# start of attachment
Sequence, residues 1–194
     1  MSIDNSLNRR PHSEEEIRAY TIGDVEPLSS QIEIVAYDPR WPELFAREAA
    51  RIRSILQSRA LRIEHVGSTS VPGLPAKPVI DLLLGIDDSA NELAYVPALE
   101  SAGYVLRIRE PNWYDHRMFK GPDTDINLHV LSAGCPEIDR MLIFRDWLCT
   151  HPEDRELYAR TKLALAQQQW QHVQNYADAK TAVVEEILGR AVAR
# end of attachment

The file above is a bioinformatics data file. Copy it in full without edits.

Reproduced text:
Sequence, residues 1–194
     1  MSIDNSLNRR PHSEEEIRAY TIGDVEPLSS QIEIVAYDPR WPELFAREAA
    51  RIRSILQSRA LRIEHVGSTS VPGLPAKPVI DLLLGIDDSA NELAYVPALE
   101  SAGYVLRIRE PNWYDHRMFK GPDTDINLHV LSAGCPEIDR MLIFRDWLCT
   151  HPEDRELYAR TKLALAQQQW QHVQNYADAK TAVVEEILGR AVAR